BAGHDAD, Iraq — Sunni Muslim political leaders claimed Tuesday that Iraq's preliminary election results were rigged, raising fears that they'll reject the new government as illegitimate.

If that happens, many fear that Sunnis will depend on the insurgency and not the parliament to achieve their political aims. That could push the nation toward civil war and threaten U.S. plans to withdraw some troops.

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Robert Scheer
21 Dec 2005
For the Bush White House, the good news from Iraq just never stops. But the joy that President Bush has expressed over the country's latest election, though more restrained than his infamous "Mission Accomplished" speech, will similarly come back to haunt him.

Soon after Bush spoke of the Iraqi election as "a landmark day in the history of liberty," early returns representing 90 percent of the ballots cast in the Iraq election established that the clear winners were Shiite and Sunni religious parties not the least bit interested in Western-style democracy or individual freedom -- including such extremists as Muqtada al-Sadr, whose fanatical followers have fought pitched battles with U.S. troops.

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20 Dec 2005
WASHINGTON -- An Iranian dissident group that the U.S. State Department considers a "foreign terrorist organization" continues to enjoy support in Congress while being protected by the American military in Iraq.

The Mujahedin-e-Khalq organization, sometimes called the People's Mujahedin of Iran, or PMOI, has been on the State Department's list of foreign terrorist groups since 1997 -- even as it enjoys widespread support on Capitol Hill. In addition, the U.S. military has allowed the MeK to maintain an operational training facility in Iraq, said Gregg Sullivan, a State Department spokesman.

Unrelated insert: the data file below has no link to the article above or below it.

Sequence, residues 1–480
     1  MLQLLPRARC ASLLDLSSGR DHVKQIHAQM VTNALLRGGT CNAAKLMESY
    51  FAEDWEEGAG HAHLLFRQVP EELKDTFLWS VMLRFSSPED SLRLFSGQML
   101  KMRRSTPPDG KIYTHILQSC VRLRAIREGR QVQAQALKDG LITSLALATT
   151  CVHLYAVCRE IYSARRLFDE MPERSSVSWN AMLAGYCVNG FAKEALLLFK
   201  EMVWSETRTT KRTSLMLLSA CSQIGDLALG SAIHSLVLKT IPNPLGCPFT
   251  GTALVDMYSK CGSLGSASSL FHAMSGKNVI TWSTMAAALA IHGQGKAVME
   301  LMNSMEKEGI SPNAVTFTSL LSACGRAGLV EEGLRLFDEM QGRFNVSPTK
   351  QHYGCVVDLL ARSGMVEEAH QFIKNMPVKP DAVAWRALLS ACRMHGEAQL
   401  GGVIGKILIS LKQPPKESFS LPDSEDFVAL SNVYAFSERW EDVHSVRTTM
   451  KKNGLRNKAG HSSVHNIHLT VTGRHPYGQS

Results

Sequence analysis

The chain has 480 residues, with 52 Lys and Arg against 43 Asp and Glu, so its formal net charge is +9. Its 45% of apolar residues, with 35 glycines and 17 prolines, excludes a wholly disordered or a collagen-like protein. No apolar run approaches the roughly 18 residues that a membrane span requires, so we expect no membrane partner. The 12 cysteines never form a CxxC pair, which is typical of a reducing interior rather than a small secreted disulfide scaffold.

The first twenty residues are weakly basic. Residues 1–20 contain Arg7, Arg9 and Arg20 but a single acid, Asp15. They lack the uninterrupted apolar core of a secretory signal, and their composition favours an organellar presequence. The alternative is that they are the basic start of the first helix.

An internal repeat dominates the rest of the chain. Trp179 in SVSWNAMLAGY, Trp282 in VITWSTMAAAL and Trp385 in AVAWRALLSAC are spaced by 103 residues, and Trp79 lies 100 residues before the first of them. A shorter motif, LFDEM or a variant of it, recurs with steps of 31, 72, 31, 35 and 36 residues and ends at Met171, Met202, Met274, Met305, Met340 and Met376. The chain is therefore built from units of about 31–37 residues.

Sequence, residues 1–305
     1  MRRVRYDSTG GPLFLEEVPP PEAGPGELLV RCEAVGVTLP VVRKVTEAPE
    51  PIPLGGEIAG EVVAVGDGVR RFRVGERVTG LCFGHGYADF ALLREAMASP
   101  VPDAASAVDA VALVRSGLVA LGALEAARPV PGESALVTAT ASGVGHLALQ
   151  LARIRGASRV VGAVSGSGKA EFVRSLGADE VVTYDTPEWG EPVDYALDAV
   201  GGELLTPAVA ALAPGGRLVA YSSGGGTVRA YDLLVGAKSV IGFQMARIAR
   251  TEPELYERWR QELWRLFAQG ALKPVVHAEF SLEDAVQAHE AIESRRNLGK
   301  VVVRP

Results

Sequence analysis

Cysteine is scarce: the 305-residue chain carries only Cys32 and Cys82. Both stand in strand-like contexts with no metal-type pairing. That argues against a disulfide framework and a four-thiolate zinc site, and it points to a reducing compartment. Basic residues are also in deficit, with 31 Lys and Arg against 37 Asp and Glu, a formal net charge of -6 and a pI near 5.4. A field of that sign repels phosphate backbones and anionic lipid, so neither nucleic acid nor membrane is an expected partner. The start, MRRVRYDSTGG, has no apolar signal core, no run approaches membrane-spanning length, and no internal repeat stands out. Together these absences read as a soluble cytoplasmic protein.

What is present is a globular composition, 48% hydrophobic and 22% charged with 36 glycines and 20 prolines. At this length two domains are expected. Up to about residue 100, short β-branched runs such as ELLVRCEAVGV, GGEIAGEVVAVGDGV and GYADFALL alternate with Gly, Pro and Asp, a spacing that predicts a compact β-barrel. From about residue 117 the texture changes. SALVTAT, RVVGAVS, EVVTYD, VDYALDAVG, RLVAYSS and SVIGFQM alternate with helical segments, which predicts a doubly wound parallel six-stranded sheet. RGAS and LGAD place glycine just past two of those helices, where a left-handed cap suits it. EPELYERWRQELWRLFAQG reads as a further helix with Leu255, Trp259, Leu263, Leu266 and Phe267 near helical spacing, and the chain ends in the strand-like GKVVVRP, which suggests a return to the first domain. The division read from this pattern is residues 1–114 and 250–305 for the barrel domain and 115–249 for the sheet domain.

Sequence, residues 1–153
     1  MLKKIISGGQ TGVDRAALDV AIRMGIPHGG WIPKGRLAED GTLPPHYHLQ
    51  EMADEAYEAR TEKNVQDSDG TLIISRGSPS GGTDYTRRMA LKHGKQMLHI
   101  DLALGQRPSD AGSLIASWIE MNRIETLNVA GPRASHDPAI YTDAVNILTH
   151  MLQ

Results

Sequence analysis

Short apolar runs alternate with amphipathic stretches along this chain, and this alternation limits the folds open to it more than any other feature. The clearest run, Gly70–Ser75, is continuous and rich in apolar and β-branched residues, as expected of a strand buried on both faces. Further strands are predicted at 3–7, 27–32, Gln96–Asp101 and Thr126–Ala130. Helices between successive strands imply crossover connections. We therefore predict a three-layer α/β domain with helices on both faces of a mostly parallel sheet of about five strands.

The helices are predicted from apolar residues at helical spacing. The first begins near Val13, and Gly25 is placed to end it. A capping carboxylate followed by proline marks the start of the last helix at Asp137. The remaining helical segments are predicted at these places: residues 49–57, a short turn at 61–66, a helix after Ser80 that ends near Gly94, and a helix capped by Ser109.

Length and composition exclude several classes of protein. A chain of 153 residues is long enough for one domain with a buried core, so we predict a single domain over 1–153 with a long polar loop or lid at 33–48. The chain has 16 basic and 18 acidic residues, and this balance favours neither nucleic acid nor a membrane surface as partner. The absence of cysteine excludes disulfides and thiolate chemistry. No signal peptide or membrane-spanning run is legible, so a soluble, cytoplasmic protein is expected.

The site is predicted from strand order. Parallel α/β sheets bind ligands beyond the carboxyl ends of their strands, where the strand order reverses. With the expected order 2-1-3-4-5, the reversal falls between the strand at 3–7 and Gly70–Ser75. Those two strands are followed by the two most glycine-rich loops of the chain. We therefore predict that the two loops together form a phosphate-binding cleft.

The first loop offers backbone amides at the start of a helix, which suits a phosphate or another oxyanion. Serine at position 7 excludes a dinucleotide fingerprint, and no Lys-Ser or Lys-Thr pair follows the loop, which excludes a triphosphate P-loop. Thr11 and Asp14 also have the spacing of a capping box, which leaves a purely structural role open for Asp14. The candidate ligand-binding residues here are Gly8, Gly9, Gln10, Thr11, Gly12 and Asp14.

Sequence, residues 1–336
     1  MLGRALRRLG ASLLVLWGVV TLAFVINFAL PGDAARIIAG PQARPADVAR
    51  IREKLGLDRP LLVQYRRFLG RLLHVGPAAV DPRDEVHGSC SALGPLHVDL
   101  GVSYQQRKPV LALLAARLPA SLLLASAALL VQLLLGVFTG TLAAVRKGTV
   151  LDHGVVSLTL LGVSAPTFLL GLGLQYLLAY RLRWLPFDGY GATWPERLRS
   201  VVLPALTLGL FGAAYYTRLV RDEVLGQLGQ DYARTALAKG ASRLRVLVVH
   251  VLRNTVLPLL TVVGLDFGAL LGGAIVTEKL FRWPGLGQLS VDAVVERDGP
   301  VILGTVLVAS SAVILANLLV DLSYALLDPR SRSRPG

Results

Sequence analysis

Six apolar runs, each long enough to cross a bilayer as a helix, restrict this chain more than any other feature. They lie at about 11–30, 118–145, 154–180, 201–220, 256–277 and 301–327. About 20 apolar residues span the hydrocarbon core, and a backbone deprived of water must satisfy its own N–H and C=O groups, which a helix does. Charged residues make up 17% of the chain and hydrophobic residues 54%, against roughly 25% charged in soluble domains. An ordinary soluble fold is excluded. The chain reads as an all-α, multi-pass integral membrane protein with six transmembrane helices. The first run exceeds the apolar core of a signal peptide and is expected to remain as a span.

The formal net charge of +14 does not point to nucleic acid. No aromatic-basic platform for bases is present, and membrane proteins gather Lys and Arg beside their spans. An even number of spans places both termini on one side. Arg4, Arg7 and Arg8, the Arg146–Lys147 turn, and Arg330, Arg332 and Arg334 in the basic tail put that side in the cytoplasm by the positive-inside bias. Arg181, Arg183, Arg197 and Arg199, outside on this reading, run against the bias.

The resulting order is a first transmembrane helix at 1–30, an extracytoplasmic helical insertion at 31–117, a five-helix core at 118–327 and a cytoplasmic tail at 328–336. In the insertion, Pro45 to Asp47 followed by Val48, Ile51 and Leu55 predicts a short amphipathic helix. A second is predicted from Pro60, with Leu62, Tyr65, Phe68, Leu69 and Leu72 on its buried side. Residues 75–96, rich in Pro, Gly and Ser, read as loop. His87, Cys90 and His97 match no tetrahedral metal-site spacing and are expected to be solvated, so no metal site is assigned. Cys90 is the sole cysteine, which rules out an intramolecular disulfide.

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Irish News
21 Dec 2005
The Irish Government's support for the war in Iraq is putting Dublin at risk of a terrorist attack, an Oireachtas Committee heard today.

Peace activists protesting at the use of Shannon Airport by US military planes said the capital could be a retaliation target by victims of the conflict.

The Mid West Alliance against the War today called on the Oireachtas Foreign Affairs Committee to carry out a full investigation into the stop-over of CIA planes carrying terror suspects en route to alleged torture camps.

Spokesman Edward Horgan said: "The decision by the Irish Government to support the war being waged by the US puts the Irish people as a whole, and the people of Dublin city in particular, at risk of retaliation by those who perceive themselves to be the victims of the US-led war.

"The transit of very dangerous military cargoes and munitions through Shannon is also putting members of the public and Shannon airport employees at grave risk."

Mr Horgan said that by assisting the US-led war in Iraq, Ireland was currently in breach of the UN Charter, the Hague Convention on Neutrality and the Geneva Conventions on War.

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21 December 2005
Pensito Review
Absolutely astounding. Dumbfounding. Just too much for words.

The recent comments by Secretary of Defense Donald Dimwit Rumsfeld about Osama bin Forgotten defy credulity.
“I think it is interesting that we haven’t heard from him for close to a year,” Rumsfeld told reporters en route to Islamabad.

“I don’t know what it means, but I suspect in any event if he is alive and functioning that he is spending a major fraction of his time trying to avoid being caught,” Rumsfeld said.
So Donnie just finds it “interesting” that bin Laden hasn’t bombed us lately. And he doesn’t know if bin Laden is dead or alive. Doesn’t sound like he cares too much, either. Is it me, or is this guy just begging for something really bad to happen?

Wait, it gets worse.

Rumsfeld’s comments echoed earlier assessments by the U.S. ambassador to Pakistan, Ryan Crocker, but contradicted the assertion of al Qaeda’s deputy leader, Ayman al-Zawahri in a video interview earlier this month that bin Laden’s battle against the West was only just beginning.

Said Rumsfeld, “We just don’t know.”

That’s a big “Duh!” there, good buddy. We don’t know squat and you’re making it sound like you have as much control over that as the weather; like you’re not the frickin’ defense secretary and the war we’re in has so little to do with this guy that we can’t even be roused to find out if the so-called target has passed away from natural causes while waiting on us to get it together enough to find him.